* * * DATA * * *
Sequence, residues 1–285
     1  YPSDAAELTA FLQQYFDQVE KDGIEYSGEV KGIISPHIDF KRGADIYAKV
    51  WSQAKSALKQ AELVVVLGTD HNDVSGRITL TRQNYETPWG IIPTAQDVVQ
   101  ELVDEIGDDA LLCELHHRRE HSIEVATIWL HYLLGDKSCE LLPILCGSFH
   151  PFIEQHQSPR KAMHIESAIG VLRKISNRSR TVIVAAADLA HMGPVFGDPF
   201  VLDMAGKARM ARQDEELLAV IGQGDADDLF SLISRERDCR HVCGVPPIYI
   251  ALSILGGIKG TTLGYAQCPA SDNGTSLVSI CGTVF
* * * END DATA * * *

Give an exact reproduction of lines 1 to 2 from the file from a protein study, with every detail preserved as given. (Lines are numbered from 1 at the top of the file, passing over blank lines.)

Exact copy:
Sequence, residues 1–285
     1  YPSDAAELTA FLQQYFDQVE KDGIEYSGEV KGIISPHIDF KRGADIYAKV